Inspired by Yayoi Kusama's My Mt. Fuji
Collaboration between Avant-garde and Tradition

Yayoi Kusama is one of the world's leading avant-garde painters today. Easily identifiable with their colourful polka dot patterns, her artworks have a unique, unforgettable charm. Ms. Kusama teamed up with the Adachi Institute's carvers and printers to create her first-ever ukiyo-e, traditional Japanese woodcut prints that continue to be highly acclaimed around the world today. This collaboration was covered in "The Premium: Yayoi Kusama's Mt. Fuji — Challenging Ukiyo-e," a program aired on NHK BS Premium on New Year's Day 2015. The response from all sectors was overwhelming.

Ms. Kusama is in the limelight internationally for her artworks that consistently exceed the imagination. By collaborating with her, the Adachi Institute of Woodcut Prints was able to identify possibilities for fresh, new artistic expressions amid tradition, a key for passing down traditional woodcut print techniques to future generations.As the results of this collaboration between avant-garde and tradition, Ms. Kusama's contemporary ukiyo-e are exhibited here for the first time.

Yayoi Kusama

Mt. Fuji of my heart speaks

Yayoi Kusama

Mt. Fuji is the home of my heart

Yayoi Kusama


Yayoi Kusama

Mt. Fuji in Seven Colours

Yayoi Kusama

Mt. Fuji in Seven Colours

Project x Adachi Institute


World-Leading Artistic Creators Interpret Ukiyo-e
TOKYO DESIGN WEEK in Milano Salone 2015
“Homage to UKIYOE”

The “Homage to Ukiyoe” project, first exhibited during the Tokyo Design Week in Milano Salone 2015, enabled six of the world’s most renowned contemporary artists and designers to become ukiyo-e (traditional Japanese woodcut print) artists. Collaborating with the carvers and printers of the Adachi Institute of Woodcut Prints, and guided by the “Homage to Ukiyoe” theme, these currently active creators produced contemporary ukiyo-e expressing their own individual interpretations of the woodcut prints of Japan's Edo period (1603–1867) that influenced Van Gogh and Monet.

TOKYO DESIGN WEEK in Milano Salone 2015

James Jean


TOKYO DESIGN WEEK in Milano Salone 2015

Alex Puvilland

Avant Garde

TOKYO DESIGN WEEK in Milano Salone 2015

Alan Chan

The Great Teacher

TOKYO DESIGN WEEK in Milano Salone 2015

Ross Lovegrove


TOKYO DESIGN WEEK in Milano Salone 2015

Dan Schlesinger

Hedwig's World

TOKYO DESIGN WEEK in Milano Salone 2015

Michael Nicoll Yahgulanaas

Finding Space

Adachi Institute of Woodcut Prints
Pursuing New Artistic Expressions amid Tradition

The Adachi Institute of Woodcut Prints has worked to pass down the traditional Japanese woodcut print techniques from generation to generation. In addition to producing traditional prints, Adachi Institute works together with contemporary artists to create new, original, artwork using the woodcut print medium.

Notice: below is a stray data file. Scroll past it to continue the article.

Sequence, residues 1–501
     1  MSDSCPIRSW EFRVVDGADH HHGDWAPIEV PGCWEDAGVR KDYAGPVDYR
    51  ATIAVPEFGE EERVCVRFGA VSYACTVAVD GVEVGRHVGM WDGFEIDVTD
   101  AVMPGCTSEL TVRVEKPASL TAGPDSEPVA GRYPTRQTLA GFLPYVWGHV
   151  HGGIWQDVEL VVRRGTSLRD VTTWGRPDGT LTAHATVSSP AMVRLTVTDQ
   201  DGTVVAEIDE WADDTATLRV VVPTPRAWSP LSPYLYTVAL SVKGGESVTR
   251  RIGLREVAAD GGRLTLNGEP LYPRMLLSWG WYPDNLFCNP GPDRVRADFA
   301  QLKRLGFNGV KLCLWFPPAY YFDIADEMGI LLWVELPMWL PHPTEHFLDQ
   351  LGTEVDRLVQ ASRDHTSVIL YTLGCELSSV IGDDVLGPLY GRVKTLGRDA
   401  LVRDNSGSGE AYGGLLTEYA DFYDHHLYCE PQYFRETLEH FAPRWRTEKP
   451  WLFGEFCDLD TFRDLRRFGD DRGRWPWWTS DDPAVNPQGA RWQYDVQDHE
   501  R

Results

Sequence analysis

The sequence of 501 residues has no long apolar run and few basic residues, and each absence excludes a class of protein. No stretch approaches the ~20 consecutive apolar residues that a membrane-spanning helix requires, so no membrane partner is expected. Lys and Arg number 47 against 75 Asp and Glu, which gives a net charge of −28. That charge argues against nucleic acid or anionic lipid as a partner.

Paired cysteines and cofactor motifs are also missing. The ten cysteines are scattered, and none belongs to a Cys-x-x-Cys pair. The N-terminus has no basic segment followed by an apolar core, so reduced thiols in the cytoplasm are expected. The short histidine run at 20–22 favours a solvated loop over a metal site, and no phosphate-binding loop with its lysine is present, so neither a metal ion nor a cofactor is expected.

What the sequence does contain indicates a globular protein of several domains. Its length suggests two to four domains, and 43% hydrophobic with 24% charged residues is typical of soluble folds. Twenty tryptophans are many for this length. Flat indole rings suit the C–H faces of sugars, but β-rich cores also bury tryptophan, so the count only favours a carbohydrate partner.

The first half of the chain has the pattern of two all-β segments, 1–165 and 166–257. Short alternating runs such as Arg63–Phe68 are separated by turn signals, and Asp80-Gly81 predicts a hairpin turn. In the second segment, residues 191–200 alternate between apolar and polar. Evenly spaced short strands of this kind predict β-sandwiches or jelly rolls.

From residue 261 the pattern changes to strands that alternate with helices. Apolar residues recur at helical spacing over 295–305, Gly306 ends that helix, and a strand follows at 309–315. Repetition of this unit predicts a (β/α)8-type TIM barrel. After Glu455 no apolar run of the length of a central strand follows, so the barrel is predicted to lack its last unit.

Ukiyo-e: The Pride of Japan
Offering the Heart of Ukiyo-e to People Today

Ukiyo-e have influenced Impressionist painters and many other kinds of artists since the second half of the 19th century, and they continue to be highly acclaimed around the world today. Ukiyo-e captivate viewers with the unique delicacy of their lines, the brightness of their colours, and their thoroughgoing minimalism that emerged through ukiyo-e's origins in commercial printing. This beauty is further heightened by the unique warmth imparted by Japan's distinctive materials: cherrywood woodblocks, water-based pigments, and handmade washi (Japanese paper). The Adachi Institute aims to produce contemporary ukiyo-e, original woodcut prints that fully incorporate the woodcut print techniques developed for ukiyo-e centuries ago.

Creating the Finest Woodcut Prints
A Group of Artisans

Since the time of its founding, the Adachi Institute has engaged in woodcut print production. To create the finest prints, we structured Adachi as a studio where the best carvers and printers work side by side. To preserve and pass down traditional woodcut print techniques—the pride of Japan to the world—the Adachi Institute established the Adachi Foundation for the Preservation of Woodcut Printing in 1994. Under this foundation, apprentices join in our production activities and receive training. Young artisans who will spearhead the future learn techniques and seek to further improve them by working with master artisans every day.

Experience the Captivating Beauty of Contemporary Ukiyo-e at Our Showroom

The Adachi Institute of Woodcut Prints

3-13-17 Shimoochiai, Shinjuku, Tokyo 161-0033
<By Train> JR Yamanote line
About 10-mins. walk from Mejiro Station
<By Bus> Toei Bus (No.65)
About 5-mins. walk from Shimoochiai 3-chome Busstop
10:00-18:00 (Weekdays)
10:00-17:00 (Saturdays and Sundays)
Mondays,National Holidays and Year-end Holidays